There's a whole support system for them, though, that may not exist for same-sex couples.
Olivia: For almost every single lesbian or gay couple I know that has kids, or even single parents who adopted or had their own child, once it happens, the support system will come. Somehow, when a child is involved, the village will come.
Irene: Yes... I don't want to say just go and have a child, don't care whether you have anybody there to support you.
Olivia: You must tick those boxes, obviously. Don't go and do it when you're 18 and you have no way to support the child. If you're not financially independent, you can't do it.
Irene: I think financial independence is the most important thing, because if you don't have a support system, you'll need to buy a support system, purchase childcare.
Olivia: To me, the boxes are things like: Are you able to afford fertility treatment? Are you able to pass the adoption standards set by the Social and Family Development Ministry?
Irene: Which are much higher if you're single compared to if you're a straight couple.
Olivia: A lot of it is financial, but I don't believe people should wait for The One before they do it. I don't believe people should do it because they're in a relationship and that is the next step. No. It should be the fact that you're able to fulfil the criteria.
Irene: Able to fulfil the criteria and you want it, not because of your partner or your family.
Do you have tips for navigating legal obstacles as a same-sex parent in Singapore?
Irene: I know that a lot of people will find it difficult, but don't be closeted. If you have visa problems, tell the Immigration and Checkpoints Authority that you're a same-sex parent. If you have problem applying for things, look for your Member of Parliament.
Olivia: One of our friends, a gay couple, went and explained their situation to their MP. They have a son through surrogacy and the son can't get a visa. And guess what, he was very supportive! He said that he wished that there's more he can do for them.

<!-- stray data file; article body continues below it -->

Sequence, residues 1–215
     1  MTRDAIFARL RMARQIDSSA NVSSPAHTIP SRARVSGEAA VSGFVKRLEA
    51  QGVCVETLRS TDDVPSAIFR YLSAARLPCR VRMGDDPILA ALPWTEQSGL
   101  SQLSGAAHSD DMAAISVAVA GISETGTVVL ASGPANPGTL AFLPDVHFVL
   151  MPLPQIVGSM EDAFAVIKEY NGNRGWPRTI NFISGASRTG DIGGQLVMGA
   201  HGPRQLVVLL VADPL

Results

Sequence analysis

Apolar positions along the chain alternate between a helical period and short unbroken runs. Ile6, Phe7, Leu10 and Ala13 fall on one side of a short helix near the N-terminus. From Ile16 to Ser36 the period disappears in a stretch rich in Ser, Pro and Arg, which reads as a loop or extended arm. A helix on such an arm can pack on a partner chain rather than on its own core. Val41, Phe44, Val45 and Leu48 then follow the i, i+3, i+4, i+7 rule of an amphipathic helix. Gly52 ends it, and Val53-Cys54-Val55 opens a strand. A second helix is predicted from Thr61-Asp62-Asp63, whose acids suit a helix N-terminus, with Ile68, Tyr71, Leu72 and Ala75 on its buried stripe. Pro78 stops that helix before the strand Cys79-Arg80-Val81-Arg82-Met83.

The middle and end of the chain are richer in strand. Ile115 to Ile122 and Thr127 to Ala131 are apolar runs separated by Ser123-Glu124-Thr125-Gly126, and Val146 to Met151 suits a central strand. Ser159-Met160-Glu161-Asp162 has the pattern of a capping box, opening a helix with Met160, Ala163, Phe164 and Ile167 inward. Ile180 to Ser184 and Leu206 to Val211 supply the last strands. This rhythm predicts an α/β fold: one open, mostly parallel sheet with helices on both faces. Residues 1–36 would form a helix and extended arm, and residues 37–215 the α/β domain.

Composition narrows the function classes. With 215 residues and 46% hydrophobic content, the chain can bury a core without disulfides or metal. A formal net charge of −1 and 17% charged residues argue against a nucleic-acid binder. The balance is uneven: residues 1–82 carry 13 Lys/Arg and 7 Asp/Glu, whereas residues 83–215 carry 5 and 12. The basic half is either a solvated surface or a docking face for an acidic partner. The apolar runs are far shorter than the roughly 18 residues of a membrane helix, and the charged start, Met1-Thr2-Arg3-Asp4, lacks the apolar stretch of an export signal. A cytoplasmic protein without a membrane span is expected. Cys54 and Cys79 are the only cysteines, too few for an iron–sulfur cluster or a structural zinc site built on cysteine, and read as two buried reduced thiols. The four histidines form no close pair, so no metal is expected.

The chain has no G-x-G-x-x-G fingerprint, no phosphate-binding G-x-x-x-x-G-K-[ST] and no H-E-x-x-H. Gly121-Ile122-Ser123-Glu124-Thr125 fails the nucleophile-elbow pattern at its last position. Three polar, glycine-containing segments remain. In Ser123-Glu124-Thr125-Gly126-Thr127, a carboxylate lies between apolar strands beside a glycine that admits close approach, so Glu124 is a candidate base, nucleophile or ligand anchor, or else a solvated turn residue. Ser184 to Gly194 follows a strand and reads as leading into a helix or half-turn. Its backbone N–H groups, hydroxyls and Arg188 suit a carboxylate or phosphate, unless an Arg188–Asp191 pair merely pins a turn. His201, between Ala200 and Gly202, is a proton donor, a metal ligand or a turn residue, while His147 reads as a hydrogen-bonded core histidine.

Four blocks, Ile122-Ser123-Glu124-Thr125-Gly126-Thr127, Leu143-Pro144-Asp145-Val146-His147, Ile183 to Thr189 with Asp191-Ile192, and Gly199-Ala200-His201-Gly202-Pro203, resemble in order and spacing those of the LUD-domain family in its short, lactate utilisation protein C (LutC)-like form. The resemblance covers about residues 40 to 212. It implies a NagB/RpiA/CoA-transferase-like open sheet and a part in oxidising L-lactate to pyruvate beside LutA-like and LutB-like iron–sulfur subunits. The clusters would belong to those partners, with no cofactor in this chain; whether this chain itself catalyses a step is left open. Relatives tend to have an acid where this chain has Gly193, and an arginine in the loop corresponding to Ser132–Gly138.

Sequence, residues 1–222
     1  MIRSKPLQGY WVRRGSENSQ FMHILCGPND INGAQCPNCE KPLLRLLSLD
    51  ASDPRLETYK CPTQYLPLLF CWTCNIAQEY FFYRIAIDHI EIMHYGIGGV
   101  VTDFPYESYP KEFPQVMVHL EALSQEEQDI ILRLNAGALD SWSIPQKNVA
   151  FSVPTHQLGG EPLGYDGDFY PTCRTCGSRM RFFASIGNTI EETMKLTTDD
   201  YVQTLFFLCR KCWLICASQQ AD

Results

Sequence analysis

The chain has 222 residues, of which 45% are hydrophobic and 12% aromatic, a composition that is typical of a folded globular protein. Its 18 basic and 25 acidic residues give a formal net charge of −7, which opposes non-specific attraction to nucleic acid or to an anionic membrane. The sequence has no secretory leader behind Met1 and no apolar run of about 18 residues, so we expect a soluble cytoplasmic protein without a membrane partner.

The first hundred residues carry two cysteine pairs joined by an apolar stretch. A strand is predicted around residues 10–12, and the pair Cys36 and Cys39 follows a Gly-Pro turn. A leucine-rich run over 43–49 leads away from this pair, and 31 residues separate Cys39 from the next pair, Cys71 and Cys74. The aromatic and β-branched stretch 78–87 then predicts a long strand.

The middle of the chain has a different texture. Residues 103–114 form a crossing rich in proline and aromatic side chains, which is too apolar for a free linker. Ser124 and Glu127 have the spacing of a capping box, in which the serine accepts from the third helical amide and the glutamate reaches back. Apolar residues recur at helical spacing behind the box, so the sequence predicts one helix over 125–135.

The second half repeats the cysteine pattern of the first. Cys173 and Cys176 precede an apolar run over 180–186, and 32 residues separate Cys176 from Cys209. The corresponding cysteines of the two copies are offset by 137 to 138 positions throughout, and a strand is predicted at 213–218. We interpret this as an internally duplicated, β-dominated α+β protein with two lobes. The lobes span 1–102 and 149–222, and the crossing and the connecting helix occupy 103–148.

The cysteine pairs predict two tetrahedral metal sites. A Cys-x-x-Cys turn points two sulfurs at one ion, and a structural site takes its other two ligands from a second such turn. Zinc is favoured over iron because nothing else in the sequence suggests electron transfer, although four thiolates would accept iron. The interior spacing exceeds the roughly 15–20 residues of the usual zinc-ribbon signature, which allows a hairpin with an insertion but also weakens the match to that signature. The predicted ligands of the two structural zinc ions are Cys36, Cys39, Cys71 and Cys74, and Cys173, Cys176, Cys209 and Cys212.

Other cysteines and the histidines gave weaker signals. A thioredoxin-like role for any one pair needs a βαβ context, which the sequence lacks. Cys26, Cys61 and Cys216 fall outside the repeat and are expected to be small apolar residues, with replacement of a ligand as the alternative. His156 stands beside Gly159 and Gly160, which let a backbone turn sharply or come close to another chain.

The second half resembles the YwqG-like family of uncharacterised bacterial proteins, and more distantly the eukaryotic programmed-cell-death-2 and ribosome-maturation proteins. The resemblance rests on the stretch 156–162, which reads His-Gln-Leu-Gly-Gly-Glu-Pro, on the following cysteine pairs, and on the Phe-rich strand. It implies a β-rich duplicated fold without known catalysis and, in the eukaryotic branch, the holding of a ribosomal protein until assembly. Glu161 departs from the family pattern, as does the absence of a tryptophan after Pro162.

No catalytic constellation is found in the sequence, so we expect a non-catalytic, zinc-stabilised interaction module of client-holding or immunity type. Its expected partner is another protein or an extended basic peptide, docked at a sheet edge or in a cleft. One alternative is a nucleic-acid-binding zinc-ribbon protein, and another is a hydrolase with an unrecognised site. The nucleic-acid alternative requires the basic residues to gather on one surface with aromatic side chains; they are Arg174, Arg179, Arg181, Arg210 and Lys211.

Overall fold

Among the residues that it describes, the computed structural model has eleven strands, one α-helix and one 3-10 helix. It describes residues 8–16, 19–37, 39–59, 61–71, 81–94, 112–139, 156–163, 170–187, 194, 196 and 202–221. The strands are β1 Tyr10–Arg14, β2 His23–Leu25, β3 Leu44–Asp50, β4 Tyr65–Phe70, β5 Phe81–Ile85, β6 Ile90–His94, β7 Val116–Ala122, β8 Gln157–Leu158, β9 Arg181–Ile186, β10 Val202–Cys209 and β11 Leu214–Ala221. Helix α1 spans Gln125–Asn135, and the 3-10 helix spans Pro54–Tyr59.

Irene: The thing is, you're a citizen of Singapore and you have rights. Your MP is obliged to help you. Do not think that 377A being there means that the government can tell you to fuck off. You have rights as a citizen.
Olivia: To date, we have not had any school turn us away because we're a lesbian couple. We even had a party at our void deck for our daughter, where the MP visited.
Irene: The MP shows up at all events held at void decks, even for weddings and birthdays. He was surprised to find out that we were same-sex parents. I told him if we have any issues, we will go and look for him. Even though I didn't vote for him, I am his constituent and he should help me. When we told him we were same-sex parents, he was a bit confused and surprised, like he didn't really know what to say, but he wasn't hostile.
Olivia: Which is quite common. A lot of people have this imagined fear that comes from their own homophobia. That's our best tip: Don't be closeted. If you're going to be closeted, don't have a kid. Your internal homophobia will translate to your child, and your child will feel it.
You have visited childcare centres for your daughter?
Irene: We visited two private preschools. Our daughter is not Singaporean, so there is no financial incentive to send her to a PAP Community Foundation kindergarten. We were very open. We told them that our daughter has two mummies. Another thing we wanted to know was, during songs and stories that mention fathers or mothers, how the teacher would handle it so that a child who doesn't fit into the conventional pattern doesn't feel left out. The principal of one school said that it will happen with children's material. But they have a single parent who volunteers at the school and gives talks to the students about single parenthood and adoption.
Olivia: They have space for alternative family structures.